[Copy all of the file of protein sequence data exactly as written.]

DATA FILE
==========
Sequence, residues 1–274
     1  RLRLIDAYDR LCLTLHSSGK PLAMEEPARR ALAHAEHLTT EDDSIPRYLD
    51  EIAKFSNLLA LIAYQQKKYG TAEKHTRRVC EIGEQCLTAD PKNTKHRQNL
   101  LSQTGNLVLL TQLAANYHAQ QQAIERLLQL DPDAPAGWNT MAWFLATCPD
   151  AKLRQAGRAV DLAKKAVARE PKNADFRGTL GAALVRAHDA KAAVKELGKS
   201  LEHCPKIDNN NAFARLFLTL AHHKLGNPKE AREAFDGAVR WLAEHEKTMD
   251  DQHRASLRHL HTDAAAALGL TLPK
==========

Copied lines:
Sequence, residues 1–274
     1  RLRLIDAYDR LCLTLHSSGK PLAMEEPARR ALAHAEHLTT EDDSIPRYLD
    51  EIAKFSNLLA LIAYQQKKYG TAEKHTRRVC EIGEQCLTAD PKNTKHRQNL
   101  LSQTGNLVLL TQLAANYHAQ QQAIERLLQL DPDAPAGWNT MAWFLATCPD
   151  AKLRQAGRAV DLAKKAVARE PKNADFRGTL GAALVRAHDA KAAVKELGKS
   201  LEHCPKIDNN NAFARLFLTL AHHKLGNPKE AREAFDGAVR WLAEHEKTMD
   251  DQHRASLRHL HTDAAAALGL TLPK